By Audrey Tan and Samantha Boh, The Straits Times, 25 Sep 2015

The seriousness of out-of-control burning activities in Indonesia continues to be felt in the region despite efforts to put out fires.

Experts say more must be done to punish offenders, or the haze problem will not go away.

Among their suggestions are harsher fines, rewards for informants, more policing and closer cooperation among the authorities.

Some also suggest a procurement policy that ensures goods and services are obtained from sustainable and responsible sources.

Singapore Management University (SMU) law don Eugene Tan said: "The law should require the Government to take the lead and adopt (such a procurement policy).

"This can help (ensure) its investments and business partners are not engaging in conduct that is detrimental to the health of Singaporeans and our economy."

He was referring to Singapore's Transboundary Haze Pollution Act, which was passed in Parliament last year to punish those responsible for causing or condoning fires if burning results in unhealthy levels of haze in Singapore.

"It would be the height of irony if the haze was caused, directly and indirectly, by companies with a strong Singaporean connection, whether in terms of ownership or investments by Singapore entities," said Associate Professor Tan.

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A Singapore-listed firm is under investigation for causing forest fires in Indonesia, an Indonesian official said on Tuesday.

Singapore's Ministry for the Environment and Water Resources is also investigating two recent breaches of the Transboundary Haze Pollution Act.

Those found guilty under the Act can be fined up to $100,000 a day, capped at a total of $2 million, for causing unhealthy haze, defined as a 24-hour Pollutant Standards Index value of 101 or greater for 24 hours or more.

But Professor Ng Yew-Kwang, an economist from Nanyang Technological University, said the fines were too low and suggested that they be increased by at least a hundred times. "Some may think that $100,000 a day is a big penalty. However, since the haze affects all people in Singapore, that sum is less than two cents a day per person," he pointed out. "This is certainly far less than 1 per cent of any reasonable estimate of the costs of haze at any unhealthy level."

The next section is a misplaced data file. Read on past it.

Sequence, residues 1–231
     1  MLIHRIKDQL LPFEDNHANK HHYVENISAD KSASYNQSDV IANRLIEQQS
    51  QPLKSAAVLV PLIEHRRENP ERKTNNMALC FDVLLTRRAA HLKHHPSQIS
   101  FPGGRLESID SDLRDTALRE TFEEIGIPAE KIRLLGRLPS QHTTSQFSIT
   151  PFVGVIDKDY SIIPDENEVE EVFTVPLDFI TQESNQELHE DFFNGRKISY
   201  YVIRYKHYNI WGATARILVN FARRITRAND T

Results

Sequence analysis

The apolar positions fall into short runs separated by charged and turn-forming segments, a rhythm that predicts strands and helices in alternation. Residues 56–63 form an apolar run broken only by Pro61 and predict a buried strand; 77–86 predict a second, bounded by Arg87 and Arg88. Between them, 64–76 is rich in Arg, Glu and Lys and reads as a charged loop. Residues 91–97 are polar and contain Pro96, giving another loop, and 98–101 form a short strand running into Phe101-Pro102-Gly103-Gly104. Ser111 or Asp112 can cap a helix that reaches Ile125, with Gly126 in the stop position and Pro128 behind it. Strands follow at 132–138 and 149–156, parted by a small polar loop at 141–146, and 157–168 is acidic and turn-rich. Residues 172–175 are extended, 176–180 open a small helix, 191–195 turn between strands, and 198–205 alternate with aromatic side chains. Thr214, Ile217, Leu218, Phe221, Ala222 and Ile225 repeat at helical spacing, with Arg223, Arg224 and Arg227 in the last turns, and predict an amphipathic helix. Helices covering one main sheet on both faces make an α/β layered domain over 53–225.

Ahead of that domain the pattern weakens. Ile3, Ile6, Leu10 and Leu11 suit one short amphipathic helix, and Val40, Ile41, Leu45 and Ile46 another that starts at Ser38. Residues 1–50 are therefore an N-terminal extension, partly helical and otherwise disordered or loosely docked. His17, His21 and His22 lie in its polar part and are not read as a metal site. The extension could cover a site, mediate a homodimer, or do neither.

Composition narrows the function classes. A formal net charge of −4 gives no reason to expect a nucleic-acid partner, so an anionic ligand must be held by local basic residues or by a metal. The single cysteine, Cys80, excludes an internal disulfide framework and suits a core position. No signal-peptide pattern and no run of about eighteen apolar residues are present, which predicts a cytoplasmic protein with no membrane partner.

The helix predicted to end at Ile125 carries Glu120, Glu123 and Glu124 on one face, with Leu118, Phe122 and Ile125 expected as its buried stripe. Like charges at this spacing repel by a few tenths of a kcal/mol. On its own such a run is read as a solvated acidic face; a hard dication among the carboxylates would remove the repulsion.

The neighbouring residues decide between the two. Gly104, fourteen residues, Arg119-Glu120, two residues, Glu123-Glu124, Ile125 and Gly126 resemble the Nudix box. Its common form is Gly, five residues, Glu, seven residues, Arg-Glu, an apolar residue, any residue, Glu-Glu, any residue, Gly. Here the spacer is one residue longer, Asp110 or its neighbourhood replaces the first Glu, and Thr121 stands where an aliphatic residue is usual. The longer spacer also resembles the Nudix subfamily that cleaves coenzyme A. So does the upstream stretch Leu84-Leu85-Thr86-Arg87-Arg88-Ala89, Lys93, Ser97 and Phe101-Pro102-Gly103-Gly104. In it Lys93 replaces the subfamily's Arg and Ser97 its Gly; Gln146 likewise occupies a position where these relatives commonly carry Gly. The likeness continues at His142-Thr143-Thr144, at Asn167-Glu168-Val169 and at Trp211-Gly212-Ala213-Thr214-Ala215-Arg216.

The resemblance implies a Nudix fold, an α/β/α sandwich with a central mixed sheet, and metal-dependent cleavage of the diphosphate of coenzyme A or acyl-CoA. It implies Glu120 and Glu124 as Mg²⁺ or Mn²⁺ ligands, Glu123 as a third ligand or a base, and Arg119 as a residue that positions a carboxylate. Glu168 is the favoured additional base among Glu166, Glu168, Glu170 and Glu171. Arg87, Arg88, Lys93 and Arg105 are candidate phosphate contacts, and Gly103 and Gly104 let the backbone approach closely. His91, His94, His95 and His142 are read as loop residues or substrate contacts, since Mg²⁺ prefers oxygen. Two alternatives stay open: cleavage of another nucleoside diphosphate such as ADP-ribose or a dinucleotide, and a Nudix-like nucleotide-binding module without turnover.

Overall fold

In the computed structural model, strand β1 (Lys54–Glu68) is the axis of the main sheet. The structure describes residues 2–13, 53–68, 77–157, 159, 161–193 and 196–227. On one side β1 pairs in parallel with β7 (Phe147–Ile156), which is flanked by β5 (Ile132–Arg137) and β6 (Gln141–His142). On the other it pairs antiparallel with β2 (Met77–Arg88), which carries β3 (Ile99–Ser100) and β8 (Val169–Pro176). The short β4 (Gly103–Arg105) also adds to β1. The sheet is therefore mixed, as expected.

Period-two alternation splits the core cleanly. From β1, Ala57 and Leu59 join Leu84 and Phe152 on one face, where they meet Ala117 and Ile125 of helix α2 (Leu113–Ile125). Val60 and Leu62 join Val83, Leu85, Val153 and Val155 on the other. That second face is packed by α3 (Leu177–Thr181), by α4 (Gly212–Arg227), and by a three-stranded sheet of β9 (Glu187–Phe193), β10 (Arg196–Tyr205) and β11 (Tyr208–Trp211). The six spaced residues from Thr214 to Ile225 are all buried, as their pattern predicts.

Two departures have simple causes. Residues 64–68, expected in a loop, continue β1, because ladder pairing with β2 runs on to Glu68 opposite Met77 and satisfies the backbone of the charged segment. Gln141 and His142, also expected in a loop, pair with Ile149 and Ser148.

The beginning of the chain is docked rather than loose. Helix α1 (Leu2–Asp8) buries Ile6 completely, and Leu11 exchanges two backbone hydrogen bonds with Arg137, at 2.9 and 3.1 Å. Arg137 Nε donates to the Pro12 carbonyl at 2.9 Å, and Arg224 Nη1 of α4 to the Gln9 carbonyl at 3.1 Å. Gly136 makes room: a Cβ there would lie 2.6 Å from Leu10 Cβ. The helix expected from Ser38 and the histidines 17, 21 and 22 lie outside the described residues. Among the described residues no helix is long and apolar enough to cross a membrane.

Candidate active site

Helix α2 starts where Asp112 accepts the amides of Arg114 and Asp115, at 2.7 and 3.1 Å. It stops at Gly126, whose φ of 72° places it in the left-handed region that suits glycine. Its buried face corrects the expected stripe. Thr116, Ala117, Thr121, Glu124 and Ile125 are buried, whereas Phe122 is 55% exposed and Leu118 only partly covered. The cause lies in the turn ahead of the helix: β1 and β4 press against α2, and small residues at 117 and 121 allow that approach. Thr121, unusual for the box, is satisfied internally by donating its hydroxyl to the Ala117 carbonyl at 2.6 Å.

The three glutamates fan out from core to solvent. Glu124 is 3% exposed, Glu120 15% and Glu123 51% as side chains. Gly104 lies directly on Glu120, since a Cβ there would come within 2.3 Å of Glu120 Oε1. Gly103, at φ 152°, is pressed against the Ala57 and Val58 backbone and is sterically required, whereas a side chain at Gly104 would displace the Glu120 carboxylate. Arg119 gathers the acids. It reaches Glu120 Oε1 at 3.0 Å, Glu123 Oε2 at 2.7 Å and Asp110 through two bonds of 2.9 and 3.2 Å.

National University of Singapore economist Ivan Png said the law could include a whistle-blower provision to reward those with information leading to convictions. "Whistle-blowers have been instrumental in exposing white-collar and environmental crime in the United States and Europe. We can apply the same concept to combat the haze.

"We might then even get the help of local government officials and plantation workers in Sumatra. The prospect of a whistle-blower reward worth perhaps hundreds of thousands of dollars would certainly focus their minds," said Professor Png, who suggested a reward 12 times the informant's annual income.

Meanwhile, a spokesman for non-governmental environmental organisation World Wide Fund for Nature Singapore said the biggest difficulty with the new law was verifying who started the fires, which depends on Jakarta's capacity to monitor the ground. She added: "It will also depend on the Act's ability to target smaller companies suspected of causing fires, (and) to follow the supply chain to the giant corporations they supply."

Dr Nigel Sizer, global director of the forests programme at US-based think-tank World Resources Institute, and SMU law professor Mahdev Mohan called for greater dialogue between governments, firms and environmental groups which "may have an accurate lay of the land", as a way of solving the haze issue made complicated by Indonesia's complex, often overlapping land ownership and usage rights.

The experts agree that while the law may be a step in the right direction, it does not yet have any bite. As SMU's Prof Tan put it: "It's small comfort to most Singaporeans... plagued by the scourge of the haze and for which the law strikes them as being a paper tiger."

Animals suffering from bad air quality as well
By Jasmine Osada, The Straits Times, 26 Sep 2015

The bad air quality is not only affecting people and businesses, but is also making animals here sick.

Vets have been reporting an increase in the number of pets suffering from eye irritations and upper respiratory infections that they are attributing to the haze.

"There hasn't been an increase in the overall number of visits, but my colleagues and I have definitely seen more cases of pets suffering from environmental allergen-related problems such as increased tearing, eye infections, asthma and coughing," said Dr Angeline Yang, 28, of United Veterinary Clinic in Ang Mo Kio.

At The Animal Doctors veterinary clinic, also in Ang Mo Kio, Dr Cathy Chan, 35, has not been seeing any extra cases but believes this is because pet owners are being more vigilant about keeping their animals indoors, thus potentially reducing the number of cases.

"However, since the haze was at its worst only on Thursday, it may still be too early to tell, as the symptoms arise only several days later," she added.

Some pet-related events have also been cancelled because of the deteriorating air quality.

The Singapore alliance of the United States Dog Agility Association (USDAA), which organises canine agility trails here, has cancelled trials originally scheduled for today.

Animal shelters have put in place safety measures.

Staff at the Society for the Prevention of Cruelty to Animals (SPCA) have been closely monitoring its shelter animals for signs of possible haze-induced afflictions.

"The shelter's fans have all been powered on around the clock and water in the water bowls is more frequently replaced too," said SPCA executive director Corinne Fong.

"Dog walks have been minimised and the dogs will not be taken out for walks once the 24-hour PSI reading breaches the 200 mark," she added.

With the hazy conditions expected to persist, pet owners are keeping their critters indoors.

Marketing assistant Amy Lin, 26, said: "I usually take my dog out for a walk every day, but since

the haze has got bad, I've been taking him out only about twice a week.

"I feel bad but I don't want him to be outside for too long because it's bad for him."

Additional reporting by Tiffany Fumiko Tay